A little au revoir

So flipping good at this.

So flipping good at this.

You know, blogging is a funny old thing. I started in 2009 because I wrote diary entries from India and couldn’t stop once I got home. I feel about writing the way Harry Potter (aw!) feels about getting on a broomstick for the first time: a rush of fierce joy. Words are such intricate, beautiful things. You can search for exactly the right one and put it in exactly the right place, and all of a sudden you’ve created something that makes people feel. There are lots of things about my writing style I would change, and I’d love to do a creative writing course and get critically slapped into shape. The graft of it, though, fills me up like nothing else. And when you get it right, oh, you soar.

And so to this blog. I started writing about babies once I had them, and it was a way of recording things I might forget, and reaching out to parents in similar situations. It puts shape to the emotional seismic shifts that come with having children. If motherhood is a hopeful, flailing leap into the unknown – and it is, and the unknown includes much faeces – then blogging helps me map out the fall. Where are we now? What does this feel like? Where are you, dear reader? Are we both here together?

Here’s where I am: parenting blogging is sometimes overwhelming to me. We are in an intense phase of mother-and-toddlering at the moment, and it often feels like toddlering is all I can think about. Sometimes I want to read gentle advice articles, and humorous you-know-you’re-a-mother-when-this-sucks blog posts. Sometimes I want to write posts like that. Sometimes – more often, at the moment – I want to write about something else, ANYTHING else, and I scrabble around inside for another topic and can’t find one. And then I am frightened that I am an empty well, scraped clean by dirty nappies, and I have lost my words and they will never come back and nothing I’ve ever written has ever done any good.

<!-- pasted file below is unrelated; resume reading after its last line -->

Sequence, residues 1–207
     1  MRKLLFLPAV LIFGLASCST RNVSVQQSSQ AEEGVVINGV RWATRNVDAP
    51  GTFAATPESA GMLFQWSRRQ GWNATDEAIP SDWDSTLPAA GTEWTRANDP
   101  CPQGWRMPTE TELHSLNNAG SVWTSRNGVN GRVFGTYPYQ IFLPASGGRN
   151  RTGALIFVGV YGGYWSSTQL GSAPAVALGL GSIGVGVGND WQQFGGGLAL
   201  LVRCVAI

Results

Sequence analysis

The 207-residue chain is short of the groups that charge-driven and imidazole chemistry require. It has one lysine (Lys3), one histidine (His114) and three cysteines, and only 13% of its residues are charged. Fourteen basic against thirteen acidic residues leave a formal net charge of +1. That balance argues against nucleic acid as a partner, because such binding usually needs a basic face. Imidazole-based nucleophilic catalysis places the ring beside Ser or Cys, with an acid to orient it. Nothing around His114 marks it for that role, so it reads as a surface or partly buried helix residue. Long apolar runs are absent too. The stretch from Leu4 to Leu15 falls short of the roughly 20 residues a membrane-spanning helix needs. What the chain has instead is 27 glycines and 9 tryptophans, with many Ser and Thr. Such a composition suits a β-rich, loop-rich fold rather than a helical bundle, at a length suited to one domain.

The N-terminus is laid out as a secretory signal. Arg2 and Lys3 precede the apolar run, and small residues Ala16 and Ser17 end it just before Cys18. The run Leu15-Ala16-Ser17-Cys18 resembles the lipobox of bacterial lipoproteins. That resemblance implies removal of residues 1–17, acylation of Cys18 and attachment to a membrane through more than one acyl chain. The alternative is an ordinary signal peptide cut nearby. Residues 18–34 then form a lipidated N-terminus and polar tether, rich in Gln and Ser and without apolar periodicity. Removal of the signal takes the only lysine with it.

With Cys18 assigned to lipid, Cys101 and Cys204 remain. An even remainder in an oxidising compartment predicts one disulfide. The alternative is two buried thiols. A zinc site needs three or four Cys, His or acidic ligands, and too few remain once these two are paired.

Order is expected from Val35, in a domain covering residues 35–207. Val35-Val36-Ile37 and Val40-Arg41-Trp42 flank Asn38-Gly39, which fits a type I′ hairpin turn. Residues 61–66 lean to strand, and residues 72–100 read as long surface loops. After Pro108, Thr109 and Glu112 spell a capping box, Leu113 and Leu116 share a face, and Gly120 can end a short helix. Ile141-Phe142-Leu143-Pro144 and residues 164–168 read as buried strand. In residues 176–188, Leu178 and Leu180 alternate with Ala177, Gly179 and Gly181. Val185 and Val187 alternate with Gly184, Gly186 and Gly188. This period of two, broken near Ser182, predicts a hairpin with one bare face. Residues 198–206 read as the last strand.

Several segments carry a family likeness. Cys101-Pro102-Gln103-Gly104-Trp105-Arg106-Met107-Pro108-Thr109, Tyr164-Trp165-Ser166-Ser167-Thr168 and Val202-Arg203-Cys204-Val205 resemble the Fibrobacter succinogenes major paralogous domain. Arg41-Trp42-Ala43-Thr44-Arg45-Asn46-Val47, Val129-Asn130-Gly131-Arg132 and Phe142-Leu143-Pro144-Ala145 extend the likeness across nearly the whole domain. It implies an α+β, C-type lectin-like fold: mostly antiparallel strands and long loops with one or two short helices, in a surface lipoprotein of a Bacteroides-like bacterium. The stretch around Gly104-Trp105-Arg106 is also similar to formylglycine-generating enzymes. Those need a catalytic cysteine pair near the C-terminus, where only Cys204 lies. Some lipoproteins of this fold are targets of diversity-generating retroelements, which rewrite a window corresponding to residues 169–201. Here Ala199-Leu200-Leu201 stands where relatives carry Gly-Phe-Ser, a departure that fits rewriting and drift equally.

I am keeping the melodrama tamped down tight, since you ask.

This means that sometimes the world of parenting blogging is my salvation, and sometimes I can’t bear to look at it another second. There are days I write something that gets picked up by Mumsnet and feel great about it, and days I want to be free from the anxiety that I am not as talented or popular as the people I follow on Twitter. I am very aware that these things are not Real People Problems, and that it ends up with me spending too much time on the internet. It all feels like a lot of bother, over a blog.

So I’ve decided to take a little break for at least the rest of the year, while I decide what it is I want this space to be. It might be a more streamlined place to talk about children, or it might be something else entirely. Or it might be just the same because, like Mariah Carey, I’ve decided I can’t liiiive if livin’ is without you[r stupid blog]. I can’t not write (I know this already) but I’m not sure what I can write that is worth the reading. I’m hopeful that it might, at least, be somewhere where I learn to write shorter sentences.

I’m sorry for rambling on at such self-indulgent length (if you enjoyed this you may also enjoy my sixteen-year-old diary) but I wanted to explain why Make a Long Story Short will be disappearing for a while. Because every single person who has ever read this blog, left a comment or told me they enjoyed it has done something for me I can’t really describe. Off I jumped into parenthood, arms flailing, wondering what in the heck I was doing. But there you were, too. There you were. Thank you.

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It’s all coming up gums around here.

I went to India, and found some words

Hey, come back here with me a minute. All the way back here, to October 2008. A strange world, before One Direction, Sherlock and the iPhone 3GS. I’ve been married six months, a milestone twice over. First, thanks to Timothy’s two years in South Africa, we’ve only just now spent as much time together in the same country as we’ve been together apart. This is a fact that makes us sound weirder than we really are (I hope). And second, I’ve just been sent to India for a month, and I am frightened to death about it. This is a fact that makes me sound lamer than I really…oh no wait, never mind.